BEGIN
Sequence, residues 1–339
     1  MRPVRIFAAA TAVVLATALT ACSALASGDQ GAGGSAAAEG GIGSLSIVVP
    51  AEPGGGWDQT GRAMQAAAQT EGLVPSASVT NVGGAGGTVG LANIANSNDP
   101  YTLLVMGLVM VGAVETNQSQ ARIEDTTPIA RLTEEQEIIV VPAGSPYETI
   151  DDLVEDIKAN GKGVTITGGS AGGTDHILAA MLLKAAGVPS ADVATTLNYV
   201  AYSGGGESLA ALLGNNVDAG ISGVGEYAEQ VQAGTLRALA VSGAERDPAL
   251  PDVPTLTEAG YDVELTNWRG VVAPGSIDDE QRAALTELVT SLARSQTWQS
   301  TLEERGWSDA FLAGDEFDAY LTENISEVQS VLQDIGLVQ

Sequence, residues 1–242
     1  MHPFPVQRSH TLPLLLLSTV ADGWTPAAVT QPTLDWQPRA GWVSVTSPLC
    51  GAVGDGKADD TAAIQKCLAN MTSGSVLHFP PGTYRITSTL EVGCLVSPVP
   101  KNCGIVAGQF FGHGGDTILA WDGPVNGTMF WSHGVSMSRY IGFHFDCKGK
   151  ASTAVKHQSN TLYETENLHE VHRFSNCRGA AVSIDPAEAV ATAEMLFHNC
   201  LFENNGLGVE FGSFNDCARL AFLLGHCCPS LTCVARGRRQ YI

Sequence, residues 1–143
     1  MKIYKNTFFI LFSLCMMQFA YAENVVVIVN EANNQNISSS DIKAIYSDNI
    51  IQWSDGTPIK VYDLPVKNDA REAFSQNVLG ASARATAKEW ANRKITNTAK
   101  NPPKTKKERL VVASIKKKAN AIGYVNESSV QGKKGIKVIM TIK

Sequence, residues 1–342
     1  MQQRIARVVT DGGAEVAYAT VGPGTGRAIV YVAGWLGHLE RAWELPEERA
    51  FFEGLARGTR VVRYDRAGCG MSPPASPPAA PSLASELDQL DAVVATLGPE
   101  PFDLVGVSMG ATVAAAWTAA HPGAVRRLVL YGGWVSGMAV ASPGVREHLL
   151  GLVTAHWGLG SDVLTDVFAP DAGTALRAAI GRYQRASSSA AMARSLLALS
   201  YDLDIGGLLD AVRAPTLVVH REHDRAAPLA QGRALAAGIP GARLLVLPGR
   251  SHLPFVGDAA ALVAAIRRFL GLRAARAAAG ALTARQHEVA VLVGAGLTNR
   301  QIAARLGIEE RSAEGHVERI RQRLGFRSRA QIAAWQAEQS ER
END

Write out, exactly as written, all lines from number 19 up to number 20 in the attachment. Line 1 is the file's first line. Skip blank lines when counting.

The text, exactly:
Sequence, residues 1–342
     1  MQQRIARVVT DGGAEVAYAT VGPGTGRAIV YVAGWLGHLE RAWELPEERA